10,000 forint - The 100th anniversary of the death of Loránd Eötvös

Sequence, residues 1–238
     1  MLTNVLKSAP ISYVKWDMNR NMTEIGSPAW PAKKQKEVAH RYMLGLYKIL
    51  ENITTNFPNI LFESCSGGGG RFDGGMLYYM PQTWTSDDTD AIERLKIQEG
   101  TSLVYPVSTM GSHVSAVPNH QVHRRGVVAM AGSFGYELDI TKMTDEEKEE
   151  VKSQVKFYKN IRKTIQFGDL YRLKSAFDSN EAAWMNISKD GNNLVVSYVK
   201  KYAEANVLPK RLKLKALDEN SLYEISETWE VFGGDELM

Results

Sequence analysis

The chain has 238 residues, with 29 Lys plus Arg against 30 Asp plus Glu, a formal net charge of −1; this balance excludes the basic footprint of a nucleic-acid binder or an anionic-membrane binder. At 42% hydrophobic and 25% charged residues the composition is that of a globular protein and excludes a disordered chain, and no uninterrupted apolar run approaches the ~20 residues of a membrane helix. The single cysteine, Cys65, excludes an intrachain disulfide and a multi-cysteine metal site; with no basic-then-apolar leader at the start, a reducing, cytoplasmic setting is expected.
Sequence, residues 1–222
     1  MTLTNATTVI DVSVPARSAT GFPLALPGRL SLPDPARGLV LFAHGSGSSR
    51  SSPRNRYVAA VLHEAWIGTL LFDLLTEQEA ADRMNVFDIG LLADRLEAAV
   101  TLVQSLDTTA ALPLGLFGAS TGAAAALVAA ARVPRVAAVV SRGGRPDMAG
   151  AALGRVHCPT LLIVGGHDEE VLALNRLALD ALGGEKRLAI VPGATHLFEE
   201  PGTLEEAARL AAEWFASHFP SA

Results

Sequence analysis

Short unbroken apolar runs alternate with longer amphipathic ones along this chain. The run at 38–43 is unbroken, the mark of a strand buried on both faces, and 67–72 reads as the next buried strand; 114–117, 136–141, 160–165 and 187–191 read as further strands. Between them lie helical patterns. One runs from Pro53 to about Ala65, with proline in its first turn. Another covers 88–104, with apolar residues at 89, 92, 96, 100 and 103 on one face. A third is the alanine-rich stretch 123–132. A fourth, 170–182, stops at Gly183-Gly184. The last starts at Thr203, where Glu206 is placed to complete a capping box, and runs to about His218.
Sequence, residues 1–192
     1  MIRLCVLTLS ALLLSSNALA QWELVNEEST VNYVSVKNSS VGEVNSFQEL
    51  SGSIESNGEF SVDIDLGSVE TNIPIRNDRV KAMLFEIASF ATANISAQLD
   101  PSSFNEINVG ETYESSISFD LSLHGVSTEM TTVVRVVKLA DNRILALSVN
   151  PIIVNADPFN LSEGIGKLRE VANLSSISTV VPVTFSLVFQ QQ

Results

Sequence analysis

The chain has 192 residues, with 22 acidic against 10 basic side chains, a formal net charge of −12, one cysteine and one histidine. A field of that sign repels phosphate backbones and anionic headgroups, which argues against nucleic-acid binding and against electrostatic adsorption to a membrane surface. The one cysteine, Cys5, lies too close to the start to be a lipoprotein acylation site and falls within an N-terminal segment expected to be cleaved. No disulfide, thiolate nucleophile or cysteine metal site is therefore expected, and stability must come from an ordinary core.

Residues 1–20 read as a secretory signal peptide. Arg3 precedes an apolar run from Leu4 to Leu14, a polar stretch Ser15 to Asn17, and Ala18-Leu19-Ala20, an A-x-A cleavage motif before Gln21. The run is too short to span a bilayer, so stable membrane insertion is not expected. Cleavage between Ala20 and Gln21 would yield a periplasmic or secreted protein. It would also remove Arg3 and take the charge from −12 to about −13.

The MNB will issue a silver collector coin of HUF 10,000 and its HUF 2,000 non-ferrous metal version on the centenary of Lóránd Eötvös’ death. The primary role of collector coins is to educate and pay tribute, therefore they are not to be used in everyday payments. Their face value serves to preserve the value the coins represent to collectors. With the collector coins to be issued today the Bank intends to pay homage to the outstanding figure of the 19th century Hungarian scientist community, who created the torsion pendulum, now known worldwide, to measure gravity changes in space, and by applying a theoretical approach he also recognised the relationship between the surface tension of liquids measured at different temperatures and their molecular mass, which became known as the Eötvös’ law. During his scientific career he was the rector of the University of Budapest bearing his name today, worked as Minister of Religion and Education, and also filled the position of the President of the Hungarian Academy of Sciences for 16 years. In his role as Minister of Religion and Education he implemented a public education reform resulting in the construction of 400 new schools. In honour of his father he founded the Eötvös Collegium in 1895 in order that talented students with poor financial background could also receive university education. The silver and the non-ferrous metal versions have the same design, the only difference being their denominations. The collector coins were designed by sculptor Borbála Szanyi. The building of ELTE Eötvös József Collegium is featured as the central motif on the obverse and offers a reference to the pedagogical aspect of Eötvös’ career. The Collegium was founded at the initiation of Loránd Eötvös during his term in office as a minister, in 1895 as a boarding school with the purpose of high-quality teacher training. The institute was unique in Hungary at the time. It was named after the founder’s father József Eötvös, the initiator of the public education reform. The building, declared a historical memorial site, continues to be the crucial intellectual workshop of teacher and scientist training. The lettering EÖTVÖS COLLEGIUM in a legend running around the coin to the right on an elevated plane helps to identify the central motif. The elevated plane is not interrupted under the representation of the Collegium either. The compulsory design elements of collector coins are also placed here: the lettering ‘MAGYARORSZÁG’ (Hungary), the denominations 10,000 and 2,000 ‘FORINT’ broken in two lines, on the left of the denomination the ‘BP.’ mint mark, and the mint year 2019 on the right. The thematic side presents the scientist and inventor. The portrait of Loránd Eötvös in a decorative style was inspired by a photograph from 1891-92. In the background of the portrait, a series of formulas describing the four characteristic quantities of gravitational pull changes in space are shown in Eötvös’ handwriting. These can be measured using his invention, the Eötvös torsion pendulum. The structure of the reverse is identical with that of the obverse: The lettering EÖTVÖS LORÁND 1848-1919 (his date of birth and death) is placed in a legend to the left on an elevated plane. The master mark of sculptor Borbála Szanyi, the designer of the coin, is shown on the uninterrupted elevated plane under the portrait.